A Beginner’s Guide to Aerial Yoga

What is aerial yoga?

Aerial yoga is a type of yoga in which you move through the air instead of on a mat. To do aerial yoga, you’ll hang from the ceiling using a silk hammock or sling to execute the same movements. The goal of the hammock is to give support while also increasing flexibility and range of motion. The suspension support of this hammock also relieves tension in specific areas of the body, such as the head and shoulders. With greater ease, you may achieve more difficult postures while utilizing this hammock. Although most aerial yoga pictures appear to show a yogi suspended in midair, several aerial yoga postures only require you to remove one body part from the ground, such as your foot or leg.

Aerial Yoga Tips for Beginners

If you’re new to aerial yoga fitness, you may anticipate having a great time. However, the activity may be difficult, and your body may need some time to adjust. Li states that an aerial yoga class does not require any prior yoga experience. However, being well-versed in floor yoga is certainly advantageous. Here are some things to keep in mind before going to your first session:

  • Trust the sling.

Dani Schenone, Mindbody Holistic Wellness Expert and Certified Yoga Instructor, says, “This is a body-inclusive practice because the sling can bear up to 1,000 pounds. Aerial yoga may be done regardless of your shape, size, or fitness level.”

  • Wear the right gear.

Leggings or tight yoga pants, rather than loose pants or shorts, are ideal for an aerial yoga session. A sports bra is also required; if you have sensitive skin, consider wearing a fitted workout shirt that covers the underarms. For some of the exercises, wear a tank top and bring a long-sleeve shirt in case it becomes chilly.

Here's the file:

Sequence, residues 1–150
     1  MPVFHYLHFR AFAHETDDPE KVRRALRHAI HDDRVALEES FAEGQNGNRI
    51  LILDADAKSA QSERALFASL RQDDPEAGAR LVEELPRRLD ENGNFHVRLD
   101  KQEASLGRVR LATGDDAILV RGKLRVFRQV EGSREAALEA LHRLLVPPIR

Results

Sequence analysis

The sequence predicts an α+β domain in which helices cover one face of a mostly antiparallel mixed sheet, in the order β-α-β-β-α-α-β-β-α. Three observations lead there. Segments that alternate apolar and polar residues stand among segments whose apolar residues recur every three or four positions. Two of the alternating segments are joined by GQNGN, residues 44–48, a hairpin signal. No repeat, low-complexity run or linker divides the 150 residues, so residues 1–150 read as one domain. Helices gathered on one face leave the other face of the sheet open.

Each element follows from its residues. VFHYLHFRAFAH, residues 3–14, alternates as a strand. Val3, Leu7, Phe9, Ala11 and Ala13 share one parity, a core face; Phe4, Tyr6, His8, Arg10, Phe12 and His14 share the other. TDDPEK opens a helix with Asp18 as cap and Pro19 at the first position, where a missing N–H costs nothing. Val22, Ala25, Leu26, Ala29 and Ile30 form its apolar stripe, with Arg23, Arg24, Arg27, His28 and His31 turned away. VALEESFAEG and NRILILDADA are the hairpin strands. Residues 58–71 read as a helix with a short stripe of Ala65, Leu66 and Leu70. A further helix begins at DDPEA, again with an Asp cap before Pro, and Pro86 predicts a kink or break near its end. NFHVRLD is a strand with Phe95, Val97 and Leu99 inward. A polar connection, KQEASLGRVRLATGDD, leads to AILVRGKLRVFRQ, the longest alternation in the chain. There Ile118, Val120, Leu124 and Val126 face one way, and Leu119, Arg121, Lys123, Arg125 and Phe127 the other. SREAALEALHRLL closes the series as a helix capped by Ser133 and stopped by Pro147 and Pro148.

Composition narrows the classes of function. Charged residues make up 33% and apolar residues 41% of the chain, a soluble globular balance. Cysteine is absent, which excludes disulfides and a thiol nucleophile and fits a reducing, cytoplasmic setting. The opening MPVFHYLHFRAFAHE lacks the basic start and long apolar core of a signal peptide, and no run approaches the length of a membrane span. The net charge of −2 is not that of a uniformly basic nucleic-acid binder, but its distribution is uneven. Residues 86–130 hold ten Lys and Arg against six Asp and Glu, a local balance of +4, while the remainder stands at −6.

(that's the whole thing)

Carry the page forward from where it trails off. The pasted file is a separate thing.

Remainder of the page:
• Don’t eat a big meal beforehand.

At least an hour before class, you shouldn’t eat a big meal, but you don’t want to go into class with low blood sugar, so a little snack, such as a banana, is fine.

  • Leave your jewellery at home.

Dr. Schenone warns that jewellery can get caught in the slings, so you should avoid wearing any during your practice.

  • Just relax.

The difficult poses, according to Graydon, might be frightening, and people frequently get in their own way. Breathe through the postures slowly and take your time.

  • Speak up.

Schenone and Walker advise that if you need assistance with the sling or are uncomfortable in a posture, you shouldn’t be afraid to ask the instructor for help. That is their purpose, and they want you to have a good time while taking the class.

  • Modify as needed.

Even though a movement may appear tough, there are numerous modifications that allow anyone to participate in aerial yoga classes. Enter the class with an open mind and maintain an open communication channel with your teacher.

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